PANOLA Ala. (WIAT) — In honor of Black History Month, CBS 42 spoke with two African American women who made big efforts in helping their community of Panola in the fight against COVID-19.

Both Dorothy Oliver and Commissioner Druscilla Jackson made it their mission to ensure Panola residents were given the chance to get vaccinated in 2021. Since they are a rural community, they both said lack of resources impacted how quickly the vaccine could be made available there. This led them to bring vaccinations to the community by partnering with several health agencies, including the county health department and Whatley Health Services, to make the vaccine available right in their own community.

It all began with educating residents on the importance of getting vaccinated.

“After we passed out flyers and got posters printed, the rest was really history,” Jackson said.

Oliver added that for many people of the community it meant a lot to see these women work to improve vaccination efforts. This was especially vital for the elderly population, since many were unable to book vaccination appointments online. Plus, there were transportation issues for some people as well.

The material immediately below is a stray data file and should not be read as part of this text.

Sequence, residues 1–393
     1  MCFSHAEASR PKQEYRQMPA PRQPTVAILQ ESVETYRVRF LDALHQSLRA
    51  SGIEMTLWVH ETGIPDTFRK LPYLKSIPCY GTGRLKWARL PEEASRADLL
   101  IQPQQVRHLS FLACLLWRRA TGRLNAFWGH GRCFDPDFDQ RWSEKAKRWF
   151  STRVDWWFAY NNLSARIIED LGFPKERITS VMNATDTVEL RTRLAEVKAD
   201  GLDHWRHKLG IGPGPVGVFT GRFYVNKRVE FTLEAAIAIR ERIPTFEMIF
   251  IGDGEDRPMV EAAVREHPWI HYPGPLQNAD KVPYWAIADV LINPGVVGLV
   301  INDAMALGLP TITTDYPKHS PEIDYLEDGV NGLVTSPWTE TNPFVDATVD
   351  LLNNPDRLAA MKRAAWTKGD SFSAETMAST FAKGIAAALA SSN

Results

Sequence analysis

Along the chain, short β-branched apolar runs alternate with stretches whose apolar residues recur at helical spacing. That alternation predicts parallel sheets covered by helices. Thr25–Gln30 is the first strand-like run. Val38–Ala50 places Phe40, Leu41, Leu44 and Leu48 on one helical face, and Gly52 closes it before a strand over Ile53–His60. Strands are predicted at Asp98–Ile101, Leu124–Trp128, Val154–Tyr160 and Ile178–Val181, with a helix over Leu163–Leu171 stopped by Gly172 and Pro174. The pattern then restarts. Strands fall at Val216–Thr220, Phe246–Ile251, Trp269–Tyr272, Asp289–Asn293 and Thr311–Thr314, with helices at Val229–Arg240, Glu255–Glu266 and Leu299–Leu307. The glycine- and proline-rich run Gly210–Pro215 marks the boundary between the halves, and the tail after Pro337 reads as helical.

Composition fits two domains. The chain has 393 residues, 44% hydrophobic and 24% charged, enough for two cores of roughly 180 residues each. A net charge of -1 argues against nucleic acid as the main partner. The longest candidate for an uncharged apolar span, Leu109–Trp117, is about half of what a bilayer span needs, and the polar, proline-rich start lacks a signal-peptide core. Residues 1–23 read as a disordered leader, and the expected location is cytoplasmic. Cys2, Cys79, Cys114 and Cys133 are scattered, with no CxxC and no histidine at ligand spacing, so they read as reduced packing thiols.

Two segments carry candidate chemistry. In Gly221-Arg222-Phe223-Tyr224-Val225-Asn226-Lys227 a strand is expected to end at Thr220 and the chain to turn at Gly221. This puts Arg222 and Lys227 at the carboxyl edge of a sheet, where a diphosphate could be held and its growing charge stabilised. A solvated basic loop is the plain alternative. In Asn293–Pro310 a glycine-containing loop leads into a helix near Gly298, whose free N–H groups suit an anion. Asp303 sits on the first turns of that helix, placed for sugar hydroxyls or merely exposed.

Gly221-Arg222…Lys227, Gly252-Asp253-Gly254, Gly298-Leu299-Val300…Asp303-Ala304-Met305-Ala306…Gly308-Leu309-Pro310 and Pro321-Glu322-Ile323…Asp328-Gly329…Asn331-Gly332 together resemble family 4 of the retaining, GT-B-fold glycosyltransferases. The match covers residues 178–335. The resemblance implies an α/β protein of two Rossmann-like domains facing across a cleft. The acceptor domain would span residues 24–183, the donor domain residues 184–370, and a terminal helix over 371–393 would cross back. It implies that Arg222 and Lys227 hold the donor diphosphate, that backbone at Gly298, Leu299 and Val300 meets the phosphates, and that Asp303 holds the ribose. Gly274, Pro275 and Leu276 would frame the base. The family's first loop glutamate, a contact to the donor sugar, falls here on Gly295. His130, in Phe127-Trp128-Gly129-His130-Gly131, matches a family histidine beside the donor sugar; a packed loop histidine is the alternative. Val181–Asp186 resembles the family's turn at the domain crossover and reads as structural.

“A lot of them don’t have no way to go. At that, we were like 40 miles to go to get the vaccination,” Oliver said.

The work of the women led to the launch of several vaccination clinics in the town’s post office and community center.

Both women said they were faced with some resistance from people concerned about taking the vaccine, and this led them to partner with several pastors at local churches, including Arthur Gilliam. He credits the work of the congregations teaming up with the women for helping nearly the entire community get vaccinated.

“Ms. Jackson was going to the houses and getting them and it’s been a big help to have good community people. They are the heart beat of this community and they keep this community going,” Pastor Gilliam said.

The work of both Druscilla Jackson and Dorothy Oliver inspired and led many other neighboring communities to work harder to reach their unvaccinated residents. They also said they are still holding out hope and working to reach the people who still haven’t taken the shot.